Finding Your Way Beyond “Best Practices” — An Agile Marketing Crash Course
By Neil Ruffolo, Director, Digital Strategy
Does it feel like you are always chasing the leader in your category? Your team has all the bases covered and boxes checked, including search engine marketing, social media, email automation and video content. And the quality is first rate. Yet year-in and year-out you are still in reactionary mode, trying to beat the champ using the best practices they probably pioneered in your industry. To gain ground and win big you need to play by a different set of rules. That means ditching your dependence on imitation in favor of an Agile Marketing methodology that nurtures innovation and marketing excellence born of your brand’s strengths.
I’m always suspicious of the term best practices. In my view, the way most people use it is inaccurate and misleading. No matter the discipline, you will rarely find consensus among experts on exactly what qualifies as a best practice. This is particularly true in the ever-changing field of digital marketing. When not used to hype a trending new technology, citing best practice is often used to end further discussion. Saying “I’m following established best practices” carries a little more weight than “Just trust me. I know what I’m doing,” but they both pretty much mean the same thing. All of this applies equally to the term best in class.
For executives with aggressive goals to meet, so-called best practices are a double-edged sword that can help and hinder growth potential. In the most positive sense, best practices are reliable standards and norms, or conventional wisdom. As such they are useful for ensuring basic competence in the execution of a strategic initiative. The problem is that the potential for best practices to outperform industry rivals and drive growth is inherently limited.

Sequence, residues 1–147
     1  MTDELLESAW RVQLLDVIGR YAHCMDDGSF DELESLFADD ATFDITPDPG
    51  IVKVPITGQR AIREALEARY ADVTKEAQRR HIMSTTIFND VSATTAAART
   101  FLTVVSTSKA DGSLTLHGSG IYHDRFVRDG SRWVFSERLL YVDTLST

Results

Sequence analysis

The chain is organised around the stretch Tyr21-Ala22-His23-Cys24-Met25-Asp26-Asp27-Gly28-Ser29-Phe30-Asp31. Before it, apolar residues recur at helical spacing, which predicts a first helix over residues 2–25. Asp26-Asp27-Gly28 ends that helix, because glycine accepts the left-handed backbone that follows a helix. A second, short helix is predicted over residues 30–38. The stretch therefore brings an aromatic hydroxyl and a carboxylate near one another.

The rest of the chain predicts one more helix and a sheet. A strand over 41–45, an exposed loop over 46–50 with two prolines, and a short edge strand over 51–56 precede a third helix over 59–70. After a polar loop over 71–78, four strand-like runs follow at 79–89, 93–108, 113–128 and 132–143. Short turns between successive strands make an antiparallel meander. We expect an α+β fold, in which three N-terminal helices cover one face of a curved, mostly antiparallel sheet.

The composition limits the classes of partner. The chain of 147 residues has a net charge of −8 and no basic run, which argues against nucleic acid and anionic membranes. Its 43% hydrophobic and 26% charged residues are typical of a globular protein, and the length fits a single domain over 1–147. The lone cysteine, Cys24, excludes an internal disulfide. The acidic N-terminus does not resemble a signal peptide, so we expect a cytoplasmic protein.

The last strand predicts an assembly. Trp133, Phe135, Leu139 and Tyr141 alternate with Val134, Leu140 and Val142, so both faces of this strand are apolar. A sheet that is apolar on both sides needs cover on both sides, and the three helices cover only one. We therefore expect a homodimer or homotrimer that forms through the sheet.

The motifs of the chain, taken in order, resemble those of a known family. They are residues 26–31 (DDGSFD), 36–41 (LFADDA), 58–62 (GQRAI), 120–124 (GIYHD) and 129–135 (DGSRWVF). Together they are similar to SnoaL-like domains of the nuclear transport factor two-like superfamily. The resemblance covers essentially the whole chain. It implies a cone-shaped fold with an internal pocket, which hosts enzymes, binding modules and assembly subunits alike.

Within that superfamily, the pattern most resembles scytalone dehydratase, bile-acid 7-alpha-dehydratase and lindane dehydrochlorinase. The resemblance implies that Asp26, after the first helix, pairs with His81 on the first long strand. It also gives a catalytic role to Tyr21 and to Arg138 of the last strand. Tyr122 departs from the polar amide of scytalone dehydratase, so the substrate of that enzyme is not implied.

Once competitors are all using the same marketing tactics in a similar way, it doesn’t take long for best practices to become the way things are always done. And that is no way to gain ground. Worse yet, trying to mimic the success of the top brand in your category is almost always a lost cause. Unless you are the uncontested leader of the pack, you’re not going to win that race. Look no further than Amazon for a good example of this. There are plenty of general retailers, but even Walmart is an also-ran when it comes to eCommerce.
Breaking away from the pack requires real or perceived strengths unique to your brand. The positioning strategy should be well researched to identify its pillars. However, the strategy execution needs wiggle room to develop into something extraordinary.